Never lose an opportunity to see anything that is beautiful.
It is God’s handwriting— a wayside sacrament.
Welcome it in every fair face, every fair sky, every fair flower.
-Ralph Waldo Emerson
Looking back through a few year’s blog posts, I can see a touch of seasonal sadness every winter. I write less; I rejoice less; it is as if I develop a thickness to my skin and an edge to my voice.
And every spring, a touch of mania. It starts off slow. I slough off the snake’s skin of the ending season and my new skin is tender, hyper-sensitive. The sun’s rays penetrate and scatter like glitter, magic. I thrill at the sound of bird song and peeping frogs. I look forward to the return of the insects, the bats of summer.
And during these weeks where every day unveils a new species of flower?
I lose my everlovin’ mind.
April comes like an idiot, babbling and strewing flowers.
Edna St. Vincent Millay
So, yesterday after putting the kids on the bus, I went out and inventoried our yard and woods.
The violets looked so pretty in their morning dewy finery.
I would photograph one, and then another would catch my eye, and another…
I spent a good 15 minutes army-crawling around, my entire front all wet and muddy, my cheek pressed to the grass as I focused the camera. Rush hour traffic hurling by probably thought I was mental, but I was happy.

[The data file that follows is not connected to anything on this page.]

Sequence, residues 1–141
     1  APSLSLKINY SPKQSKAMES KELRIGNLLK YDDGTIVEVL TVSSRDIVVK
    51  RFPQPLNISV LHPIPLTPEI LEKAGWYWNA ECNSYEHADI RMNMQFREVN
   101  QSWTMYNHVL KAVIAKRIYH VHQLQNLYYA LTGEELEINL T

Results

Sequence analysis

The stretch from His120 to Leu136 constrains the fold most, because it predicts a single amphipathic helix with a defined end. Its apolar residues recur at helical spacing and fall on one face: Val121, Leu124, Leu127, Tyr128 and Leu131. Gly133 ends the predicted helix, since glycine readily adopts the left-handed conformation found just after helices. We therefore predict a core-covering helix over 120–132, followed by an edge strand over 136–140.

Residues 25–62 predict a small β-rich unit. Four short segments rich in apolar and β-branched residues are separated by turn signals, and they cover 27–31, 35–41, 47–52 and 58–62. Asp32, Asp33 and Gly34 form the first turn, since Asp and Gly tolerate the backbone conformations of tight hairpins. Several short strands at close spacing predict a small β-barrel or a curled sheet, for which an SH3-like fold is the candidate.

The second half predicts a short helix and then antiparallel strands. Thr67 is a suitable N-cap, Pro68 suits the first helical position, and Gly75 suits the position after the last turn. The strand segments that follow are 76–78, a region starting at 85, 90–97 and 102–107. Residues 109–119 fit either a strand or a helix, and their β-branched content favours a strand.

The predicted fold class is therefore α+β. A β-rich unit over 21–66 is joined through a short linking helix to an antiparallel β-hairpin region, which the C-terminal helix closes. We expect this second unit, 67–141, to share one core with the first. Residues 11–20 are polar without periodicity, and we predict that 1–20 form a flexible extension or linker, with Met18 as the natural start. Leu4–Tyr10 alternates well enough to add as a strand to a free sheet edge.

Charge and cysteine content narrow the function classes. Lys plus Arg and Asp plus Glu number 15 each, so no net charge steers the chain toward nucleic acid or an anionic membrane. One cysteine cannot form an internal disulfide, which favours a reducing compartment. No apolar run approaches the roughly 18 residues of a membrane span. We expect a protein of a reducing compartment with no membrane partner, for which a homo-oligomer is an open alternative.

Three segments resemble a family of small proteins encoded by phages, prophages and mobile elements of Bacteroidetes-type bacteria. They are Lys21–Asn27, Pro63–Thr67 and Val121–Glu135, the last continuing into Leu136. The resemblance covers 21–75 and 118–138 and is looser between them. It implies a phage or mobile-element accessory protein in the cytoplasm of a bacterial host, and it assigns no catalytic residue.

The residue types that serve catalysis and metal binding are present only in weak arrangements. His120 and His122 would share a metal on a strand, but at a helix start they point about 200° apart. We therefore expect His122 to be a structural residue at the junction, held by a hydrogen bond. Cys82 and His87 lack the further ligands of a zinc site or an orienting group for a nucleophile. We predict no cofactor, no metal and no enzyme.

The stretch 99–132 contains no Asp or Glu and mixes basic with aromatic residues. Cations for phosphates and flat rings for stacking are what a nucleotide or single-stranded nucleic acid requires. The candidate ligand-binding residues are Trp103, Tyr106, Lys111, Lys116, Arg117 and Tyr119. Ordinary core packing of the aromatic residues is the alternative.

After 15 minutes of viewing the world through the macro setting on a camera, you can develop a bit of vertigo. I took a break and stretched out— muddying my backside to match my front, a Rorschach of unkempt contentment— and sort of meditated on the fact that each flower is so lovely. And yet individual, minutely different. It’s mind-blowing when you consider it.
A woodpecker laughed at me, and I whipped my head around to find it, and realized the violets have spread quite a bit since last year. Blanketing the entire yard along the side of our house.
All… those… violets. I’d never get around to documenting every single one, the very thought was crazy. And I was sad to think there was so much beauty that would go unnoticed. Just here, in my yard. Think of all the violets in the nature preserve by our house, where virtually no one goes. Think of all the little beautiful things growing everywhere, miracles that edge through the earth’s surface without prompting, without tending, that are never appreciated.
And then I considered all the beautiful things that are never said or created, out of fear of ridicule or failure. All the beautiful things about people that we miss, all the time. All the beautiful moments that we fail to recognize.
I marveled about how we could spend each day in a state of constant wonder and overwhelming awe, if we took the time to pick out and notice all the beautiful and charming things about the world and the people in it. I am amazed by our human tendency to instead focus on the mundane and unfortunate. Why do we do this to ourselves?
I am not religious, this is as close to a holy experience as I get; but I know a wayside sacrament when I see it.
Cheers. Enjoy your weekend with eyes wide open.